Feds Recommend Buying A Map To Avoid Bringing Marijuana Into National Forests In Minnesota Following Legalization

The U.S. Forest Service is reminding people that Minnesota’s new marijuana legalization law enacted this week does not mean people can possess or use cannabis at national forests in the state—so it recommends buying a map to know where you can and can’t indulge.

On Tuesday—the same day that adult-use marijuana legalization took effect in Minnesota—the Forest Service issued an alert, notifying the public that possessing any amount of cannabis “is still prohibited on all National Forest lands and at all National Forest campgrounds and facilities.”

“Forest officials ask visitors to be mindful of National Forest System boundaries and to become familiar with relevant federal and state regulations prior to visiting the Chippewa and/or Superior National Forests,” it says.

The agency, which also sent out a notice last month to remind federal workers that they remain barred from using marijuana even in legal states, said that it’s received questions from visitors about the “legality of marijuana use on public lands” since the Minnesota legislature moved to end prohibition at the state level.

“While recreational cannabis use may be legal in the State of Minnesota, effective August 1, 2023, Chippewa and Superior National Forest officials are reminding visitors that it is illegal on National Forest System lands,” it said.

An FAQ section explains how national forests are federally regulated and, therefore, federal law applies and supersedes the state’s newly implemented policy.

For people curious about where exactly the national forest boundary is to inform their travel, the Forest Service says that “maps are available at our all of our District Ranger stations and to purchase on-line.”

The agency is urging people to be “mindful” and “become familiar with relevant federal and state regulations prior to visiting the Chippewa and Superior National Forests.”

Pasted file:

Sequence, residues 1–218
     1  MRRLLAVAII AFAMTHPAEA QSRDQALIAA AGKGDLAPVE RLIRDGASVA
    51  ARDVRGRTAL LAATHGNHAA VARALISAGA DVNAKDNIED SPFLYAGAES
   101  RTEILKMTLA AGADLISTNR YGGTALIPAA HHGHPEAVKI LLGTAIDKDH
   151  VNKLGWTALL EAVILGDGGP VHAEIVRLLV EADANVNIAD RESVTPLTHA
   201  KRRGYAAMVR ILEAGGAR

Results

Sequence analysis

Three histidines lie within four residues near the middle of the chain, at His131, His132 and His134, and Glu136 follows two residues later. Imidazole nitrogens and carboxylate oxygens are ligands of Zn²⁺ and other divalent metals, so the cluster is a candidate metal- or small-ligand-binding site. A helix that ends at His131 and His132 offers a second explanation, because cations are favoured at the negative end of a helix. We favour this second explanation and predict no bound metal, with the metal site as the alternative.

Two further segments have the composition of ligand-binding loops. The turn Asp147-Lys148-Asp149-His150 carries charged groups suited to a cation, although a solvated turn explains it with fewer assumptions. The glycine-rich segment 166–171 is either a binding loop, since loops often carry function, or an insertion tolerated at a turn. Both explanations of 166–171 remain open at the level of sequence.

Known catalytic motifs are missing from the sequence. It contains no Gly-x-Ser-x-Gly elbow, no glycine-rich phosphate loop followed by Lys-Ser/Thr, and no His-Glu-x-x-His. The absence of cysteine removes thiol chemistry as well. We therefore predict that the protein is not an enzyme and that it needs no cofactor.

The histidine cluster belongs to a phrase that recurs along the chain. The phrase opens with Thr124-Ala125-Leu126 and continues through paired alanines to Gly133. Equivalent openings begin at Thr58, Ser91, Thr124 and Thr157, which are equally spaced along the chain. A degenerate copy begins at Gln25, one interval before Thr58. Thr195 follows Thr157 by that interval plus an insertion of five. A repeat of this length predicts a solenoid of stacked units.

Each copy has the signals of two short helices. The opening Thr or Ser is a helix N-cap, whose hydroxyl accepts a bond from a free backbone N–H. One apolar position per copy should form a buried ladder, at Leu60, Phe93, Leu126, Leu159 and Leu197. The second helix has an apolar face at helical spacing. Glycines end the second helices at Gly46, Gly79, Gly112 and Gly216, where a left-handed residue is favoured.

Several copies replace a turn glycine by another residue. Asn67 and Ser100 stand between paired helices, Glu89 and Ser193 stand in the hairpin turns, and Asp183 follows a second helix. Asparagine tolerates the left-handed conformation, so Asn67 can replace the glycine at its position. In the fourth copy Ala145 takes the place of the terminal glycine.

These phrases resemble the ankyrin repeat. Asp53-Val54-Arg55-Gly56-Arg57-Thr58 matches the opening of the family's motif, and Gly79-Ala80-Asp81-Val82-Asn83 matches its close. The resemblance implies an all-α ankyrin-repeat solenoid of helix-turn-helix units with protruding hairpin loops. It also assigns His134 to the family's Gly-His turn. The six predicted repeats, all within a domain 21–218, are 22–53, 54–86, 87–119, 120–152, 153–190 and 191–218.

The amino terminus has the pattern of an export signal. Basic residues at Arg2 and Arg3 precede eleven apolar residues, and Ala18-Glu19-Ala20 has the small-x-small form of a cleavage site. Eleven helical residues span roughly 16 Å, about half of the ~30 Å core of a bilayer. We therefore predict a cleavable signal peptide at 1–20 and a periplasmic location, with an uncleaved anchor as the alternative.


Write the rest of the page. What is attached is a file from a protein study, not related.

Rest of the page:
Minnesota’s legalization law has also recently caught the attention of another federal agency: the U.S. Bureau of Alcohol, Tobacco, Firearms and Explosives (ATF).

Just hours after Gov. Tim Walz (D) signed the reform bill into law in May, ATF issued a notice reminding people who use cannabis remain federally banned from purchasing and possessing guns, regardless of the state law.


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Marijuana possession and cultivation became legal for adults 21 and older in Minnesota on Tuesday—and a native tribe also launched the first sales in the state while regulators work to set up a licensing infrastructure for traditional retailers.

The law also formally created the Office of Cannabis Management (OCM), which launched last month. It will be the primary regulatory body that will oversee the market and for which the governor is actively seeking an executive director.

Another body that has been instituted is the Cannabis Expungement Board, which will facilitate record sealing for people with eligible marijuana convictions on their records. The review process for eligible cases will commence on Tuesday.

The state has shown that it’s eager to expeditiously stand up the industry. Even before Walz signed the reform bill, the state launched a website that serves as a hub for information about the new law. Officials have also already started soliciting vendors to help build a licensing system for recreational marijuana businesses.

A separate Minnesota law also took effect on Tuesday that legalizes drug paraphernalia possession, syringe services, controlled substances residue and testing.

Maryland Marijuana Sales Reach Record High Of $87 Million In First Month Of Adult-Use Legalization

Photo courtesy of Philip Steffan.

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